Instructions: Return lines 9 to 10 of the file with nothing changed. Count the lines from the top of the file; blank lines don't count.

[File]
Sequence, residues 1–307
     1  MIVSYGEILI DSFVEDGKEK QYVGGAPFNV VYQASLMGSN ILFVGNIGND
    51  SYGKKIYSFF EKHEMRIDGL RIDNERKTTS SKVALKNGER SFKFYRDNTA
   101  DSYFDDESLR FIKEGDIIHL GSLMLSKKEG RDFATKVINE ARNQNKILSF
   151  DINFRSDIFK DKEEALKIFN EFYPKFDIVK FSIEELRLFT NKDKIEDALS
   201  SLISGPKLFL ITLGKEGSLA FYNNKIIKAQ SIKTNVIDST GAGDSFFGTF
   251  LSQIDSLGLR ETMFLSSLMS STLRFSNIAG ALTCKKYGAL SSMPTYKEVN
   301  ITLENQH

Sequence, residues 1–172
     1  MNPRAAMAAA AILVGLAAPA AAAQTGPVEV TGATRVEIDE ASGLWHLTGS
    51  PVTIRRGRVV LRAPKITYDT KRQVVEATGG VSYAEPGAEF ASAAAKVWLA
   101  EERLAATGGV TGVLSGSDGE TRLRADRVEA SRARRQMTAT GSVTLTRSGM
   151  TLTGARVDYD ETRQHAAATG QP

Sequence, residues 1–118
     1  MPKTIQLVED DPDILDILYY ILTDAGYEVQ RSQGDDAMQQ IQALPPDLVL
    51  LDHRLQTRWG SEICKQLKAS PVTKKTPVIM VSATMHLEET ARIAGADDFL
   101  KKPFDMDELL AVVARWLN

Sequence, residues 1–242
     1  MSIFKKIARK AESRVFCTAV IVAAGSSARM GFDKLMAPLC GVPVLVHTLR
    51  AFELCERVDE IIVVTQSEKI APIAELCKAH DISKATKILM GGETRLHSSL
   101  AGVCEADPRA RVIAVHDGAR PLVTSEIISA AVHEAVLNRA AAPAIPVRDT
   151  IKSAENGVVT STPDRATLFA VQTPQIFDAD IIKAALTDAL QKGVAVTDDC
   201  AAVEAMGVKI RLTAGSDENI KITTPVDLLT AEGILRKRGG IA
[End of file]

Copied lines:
Sequence, residues 1–172
     1  MNPRAAMAAA AILVGLAAPA AAAQTGPVEV TGATRVEIDE ASGLWHLTGS